L+T: Is there a track on the record that stands out to you in particular?
DH: Honestly, every song on that album has a very similar level of honesty and a personal resonance with me because they all came and were birthed out of very honest situations. “Boro March,” for example, has a mix of a marching band type vibe and influences that may not be “jazz” but a lot of that sound, a lot of the bass interludes like “Table Jawn”, that was my introduction to the music just sitting in the practice room working through ideas, letting it be. Some of those tracks on there were things that I played when I was 19. I wanted to give really raw things, then I brought it to the studio and just added drums or a couple elements hear and there, but they’re hearing very raw statements at various points in my life. So when I listen to the album it takes me on a journey of how I felt at a given time when I hear each song.
L+T: Between yourself, Robert Glasper, Chris Dave and others, you all seem to be at the core of this intersection between jazz, hip-hop and R&B. Do you feel that way as well, and what’s put you all in this position?
DH: Well I can only speak for myself but I know in talking with Robert, and Chris too, we feel very fortunate in being in positions where we can just be ourselves and whatever we put out there, I think, is something that we honestly meant to do. We feel very fortunate because throughout all the projects we’ve done, of anything someone may pick up, it was how we honestly felt, we weren’t trying to be something that we weren’t. The fact that the attention is coming now is definitely something that we don’t take for granted. The love and support people are showing we definitely don’t take for granted. It’s kind of crazy, in reality you just can’t get too caught up in that because at some point hype can get to your heard, so what we’ve been trying to do is just keep it very simple. Try to document anything we’re feeling and be honest to ourselves because in reality, there are a lot of talented people out there. We [hope] that while things are working for us, it will also pave the way for others. The way we’re doing it, we’re trying to support each other. My deal with Blue Note came as a result of Don Was coming to a [Robert Glasper] Experiment show and hearing my solo; I showed a lot of love and Robert showed a lot of love to me in the microphone. The deal came out of that, Don approached me after the gig and was like, “I’d like you to be part of the Blue Note family.” It came out of us really supporting each other first and foremost and wishing the best for each other. It’s definitely a movement.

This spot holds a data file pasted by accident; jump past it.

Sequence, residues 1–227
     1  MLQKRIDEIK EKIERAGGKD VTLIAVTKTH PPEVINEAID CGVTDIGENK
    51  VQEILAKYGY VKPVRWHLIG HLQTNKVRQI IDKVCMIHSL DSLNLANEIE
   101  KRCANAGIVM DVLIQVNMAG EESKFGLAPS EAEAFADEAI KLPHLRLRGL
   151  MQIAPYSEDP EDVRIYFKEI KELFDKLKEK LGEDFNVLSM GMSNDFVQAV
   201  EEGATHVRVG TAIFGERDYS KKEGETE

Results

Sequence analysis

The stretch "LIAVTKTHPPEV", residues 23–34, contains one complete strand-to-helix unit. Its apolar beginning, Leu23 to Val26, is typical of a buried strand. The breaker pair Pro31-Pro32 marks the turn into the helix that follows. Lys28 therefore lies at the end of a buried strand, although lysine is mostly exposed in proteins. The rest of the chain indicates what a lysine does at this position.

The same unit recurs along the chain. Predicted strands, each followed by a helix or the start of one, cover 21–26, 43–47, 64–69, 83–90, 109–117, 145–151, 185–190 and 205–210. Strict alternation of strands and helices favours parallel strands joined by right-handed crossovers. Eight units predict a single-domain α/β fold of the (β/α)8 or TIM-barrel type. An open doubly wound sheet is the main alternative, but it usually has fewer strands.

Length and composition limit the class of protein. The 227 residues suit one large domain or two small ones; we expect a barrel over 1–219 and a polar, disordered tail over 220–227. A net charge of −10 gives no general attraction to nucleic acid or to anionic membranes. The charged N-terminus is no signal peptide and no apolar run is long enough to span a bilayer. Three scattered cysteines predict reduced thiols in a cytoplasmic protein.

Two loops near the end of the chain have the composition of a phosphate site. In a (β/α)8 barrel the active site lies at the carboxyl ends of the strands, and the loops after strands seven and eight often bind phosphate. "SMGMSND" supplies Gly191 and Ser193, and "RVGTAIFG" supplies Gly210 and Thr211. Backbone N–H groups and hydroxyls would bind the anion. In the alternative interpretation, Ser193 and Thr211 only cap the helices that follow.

L+T: What role did being in Philadelphia play in your growth as an artist?
DH: I think you’re really a product of your environment, let me first say that. I was very fortunate enough to come up in a very condensed hotbed of talent. I’m from Philly, but I actually grew up in Willingboro, New Jersey, which isn’t that far Philly. It was one of those suburban but very urban schools where everything was based around sports and the music program, and they let us do whatever we wanted to do, practice around the clock. That fostered a creative atmosphere and environment, and Philly being so close, there were a lot producers at the time – they hadn’t even blown up – that were just doing a lot of little clubs, letting the live music happen. I think that opportunity to hear live music done on a level like it was happening in Philly had a big impact on me. And the movements to come out of there later, with the James Poyser’s and the Ahmir’s, The Roots, that whole movement, I feel honored to be a part of that. That doesn’t just speak to what they’ve done personally, it also speaks to all the amazing music that was being fostered at the time out of the studios – Larry Gold’s studio – there was a lot of creative energy happening. I feel like I’m just a product of that.
Live Today is available on iTunes now.